PHILADELPHIA – Wilt Chamberlain has been cut down to size. Wilt The Stilt is now Wilt The Stamp.
The Hall of Famer and the only NBA player to score 100 points in a game is set to appear on a commemorative U.S postage stamp. Chamberlain died in 1999 at age 63.
The U.S. Postal Service and the Philadelphia 76ers, with cooperation from the NBA, will formally dedicate the Wilt Chamberlain Forever stamps in a halftime ceremony at a Dec. 5 game against Oklahoma City.
The stamps are just over 2 inches tall. Kadir Nelson, of San Diego, created the two stamp image portraits of the NBA Hall of Famer.
One is based on a photograph of Chamberlain in a Philadelphia Warriors uniform; the other is based on an image of Chamberlain in a Los Angeles Lakers uniform.
The word "Wilt" is featured in either the top right or left corner of each stamp. Art director Antonio Alcala of Alexandria, Virginia, designed the stamps.
The cause was started in 2008 by sports writer Donald Hunt of The Philadelphia Tribune, a 129-year-old newspaper that primarily targets the black community. Hunt, who recalled as a child watching in person Chamberlain play for the 76ers against Oscar Robertson and the Cincinnati Royals, believed "The Big Dipper" had the credentials to join Jackie Robinson, Babe Ruth, Joe Louis and Jesse Owens among the sports legends with their own stamps.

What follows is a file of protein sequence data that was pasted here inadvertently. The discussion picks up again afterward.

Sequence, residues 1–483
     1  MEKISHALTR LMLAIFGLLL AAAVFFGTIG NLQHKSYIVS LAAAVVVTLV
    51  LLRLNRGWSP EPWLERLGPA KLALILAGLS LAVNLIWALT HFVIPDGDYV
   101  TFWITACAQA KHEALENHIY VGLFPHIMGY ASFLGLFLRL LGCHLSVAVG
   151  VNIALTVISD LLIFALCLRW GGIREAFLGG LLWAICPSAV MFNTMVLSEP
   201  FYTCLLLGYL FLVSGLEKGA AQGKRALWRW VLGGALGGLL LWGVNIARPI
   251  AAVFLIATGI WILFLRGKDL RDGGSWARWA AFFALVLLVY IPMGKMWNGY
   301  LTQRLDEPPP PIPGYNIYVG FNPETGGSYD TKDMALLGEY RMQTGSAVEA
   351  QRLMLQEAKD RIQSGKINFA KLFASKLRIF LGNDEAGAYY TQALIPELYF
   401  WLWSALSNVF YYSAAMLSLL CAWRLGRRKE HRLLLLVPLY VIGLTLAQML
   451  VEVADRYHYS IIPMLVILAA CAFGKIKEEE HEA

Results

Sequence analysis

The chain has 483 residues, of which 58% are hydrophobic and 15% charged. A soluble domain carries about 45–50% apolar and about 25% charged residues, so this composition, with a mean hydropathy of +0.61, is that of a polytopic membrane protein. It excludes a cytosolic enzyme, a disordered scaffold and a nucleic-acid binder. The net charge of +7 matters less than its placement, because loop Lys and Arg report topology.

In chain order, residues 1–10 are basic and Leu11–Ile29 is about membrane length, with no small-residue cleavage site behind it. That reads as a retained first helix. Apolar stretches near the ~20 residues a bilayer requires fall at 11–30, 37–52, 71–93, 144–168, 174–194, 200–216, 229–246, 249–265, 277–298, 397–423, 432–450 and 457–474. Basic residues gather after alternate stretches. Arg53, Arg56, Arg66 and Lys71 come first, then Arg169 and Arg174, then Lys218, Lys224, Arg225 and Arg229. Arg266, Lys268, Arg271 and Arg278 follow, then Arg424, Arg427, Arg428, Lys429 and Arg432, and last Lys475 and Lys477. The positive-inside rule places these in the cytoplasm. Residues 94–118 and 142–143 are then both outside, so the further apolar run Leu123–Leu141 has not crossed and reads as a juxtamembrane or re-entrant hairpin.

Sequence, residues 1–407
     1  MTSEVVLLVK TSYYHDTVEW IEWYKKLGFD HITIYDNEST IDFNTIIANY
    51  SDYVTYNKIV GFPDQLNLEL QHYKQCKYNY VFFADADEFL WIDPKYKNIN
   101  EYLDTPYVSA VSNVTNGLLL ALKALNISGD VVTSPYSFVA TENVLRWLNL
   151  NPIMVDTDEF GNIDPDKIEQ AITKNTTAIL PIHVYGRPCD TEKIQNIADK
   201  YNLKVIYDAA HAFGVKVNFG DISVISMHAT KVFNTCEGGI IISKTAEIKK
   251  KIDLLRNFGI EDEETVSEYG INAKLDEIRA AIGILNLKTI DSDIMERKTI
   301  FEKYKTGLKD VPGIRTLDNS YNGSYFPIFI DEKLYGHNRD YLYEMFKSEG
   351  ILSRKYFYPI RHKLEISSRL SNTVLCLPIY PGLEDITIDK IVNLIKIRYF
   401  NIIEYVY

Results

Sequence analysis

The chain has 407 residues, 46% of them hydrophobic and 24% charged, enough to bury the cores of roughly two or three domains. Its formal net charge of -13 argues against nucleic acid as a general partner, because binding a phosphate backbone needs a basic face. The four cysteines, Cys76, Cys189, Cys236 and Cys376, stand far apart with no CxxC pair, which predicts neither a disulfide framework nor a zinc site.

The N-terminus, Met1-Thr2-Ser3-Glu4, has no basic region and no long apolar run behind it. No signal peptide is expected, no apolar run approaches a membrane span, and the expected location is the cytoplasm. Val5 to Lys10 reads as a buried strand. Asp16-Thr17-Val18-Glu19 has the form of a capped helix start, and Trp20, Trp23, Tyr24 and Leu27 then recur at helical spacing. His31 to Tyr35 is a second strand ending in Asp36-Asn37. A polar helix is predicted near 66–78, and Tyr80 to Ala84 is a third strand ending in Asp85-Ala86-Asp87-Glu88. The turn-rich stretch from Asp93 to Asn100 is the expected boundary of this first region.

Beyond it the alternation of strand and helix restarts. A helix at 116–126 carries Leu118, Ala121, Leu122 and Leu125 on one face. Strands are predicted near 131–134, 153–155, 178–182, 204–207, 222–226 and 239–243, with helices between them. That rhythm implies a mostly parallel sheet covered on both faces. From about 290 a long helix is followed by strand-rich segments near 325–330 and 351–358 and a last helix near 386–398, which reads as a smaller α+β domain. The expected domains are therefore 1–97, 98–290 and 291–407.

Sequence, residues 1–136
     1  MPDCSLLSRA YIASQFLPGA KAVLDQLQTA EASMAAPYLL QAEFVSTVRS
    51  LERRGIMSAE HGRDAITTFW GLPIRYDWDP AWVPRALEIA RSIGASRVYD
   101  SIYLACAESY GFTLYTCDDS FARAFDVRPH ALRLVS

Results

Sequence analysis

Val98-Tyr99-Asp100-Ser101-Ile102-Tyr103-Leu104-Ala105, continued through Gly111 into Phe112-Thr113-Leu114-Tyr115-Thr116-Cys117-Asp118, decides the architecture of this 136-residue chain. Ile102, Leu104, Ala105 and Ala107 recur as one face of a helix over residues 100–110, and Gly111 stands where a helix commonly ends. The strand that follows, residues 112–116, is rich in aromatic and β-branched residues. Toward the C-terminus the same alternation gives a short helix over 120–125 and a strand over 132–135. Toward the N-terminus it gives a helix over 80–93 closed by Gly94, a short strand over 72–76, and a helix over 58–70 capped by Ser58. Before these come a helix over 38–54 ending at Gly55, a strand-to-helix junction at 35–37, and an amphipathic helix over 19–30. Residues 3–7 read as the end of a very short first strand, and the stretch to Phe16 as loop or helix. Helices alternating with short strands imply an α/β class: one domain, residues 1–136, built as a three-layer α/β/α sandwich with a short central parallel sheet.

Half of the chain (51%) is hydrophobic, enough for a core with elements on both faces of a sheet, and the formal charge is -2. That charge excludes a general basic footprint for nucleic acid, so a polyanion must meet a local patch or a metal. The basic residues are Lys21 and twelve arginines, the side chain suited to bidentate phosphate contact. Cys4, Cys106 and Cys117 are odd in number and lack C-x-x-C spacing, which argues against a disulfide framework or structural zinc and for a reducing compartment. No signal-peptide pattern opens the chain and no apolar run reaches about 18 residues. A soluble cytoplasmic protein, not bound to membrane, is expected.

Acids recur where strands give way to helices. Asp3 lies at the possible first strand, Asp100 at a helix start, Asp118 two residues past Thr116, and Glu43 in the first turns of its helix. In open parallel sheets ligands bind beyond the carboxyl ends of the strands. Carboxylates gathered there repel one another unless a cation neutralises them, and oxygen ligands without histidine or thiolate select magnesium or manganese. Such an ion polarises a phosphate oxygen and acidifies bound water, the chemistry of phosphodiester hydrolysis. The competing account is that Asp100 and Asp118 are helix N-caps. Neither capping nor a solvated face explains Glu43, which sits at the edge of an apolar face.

Hunt lobbied the Philadelphia 76ers, the Kansas Jayhawks and Chamberlain's friends, fans and family to get involved in the effort.
"People should remember the great ones," Hunt said. "They don't come any bigger or better than Wilt Chamberlain."
Chamberlain starred in the NBA from 1959 through 1973, when he played for the Philadelphia (later the San Francisco) Warriors, 76ers and Lakers.
The 31,419 points Chamberlain scored during his career stood as a record until Kareem Abdul-Jabbar broke it in 1984. Chamberlain, who never fouled out in 1,205 regular-season and playoff games, also holds the rebounding record with 23,924.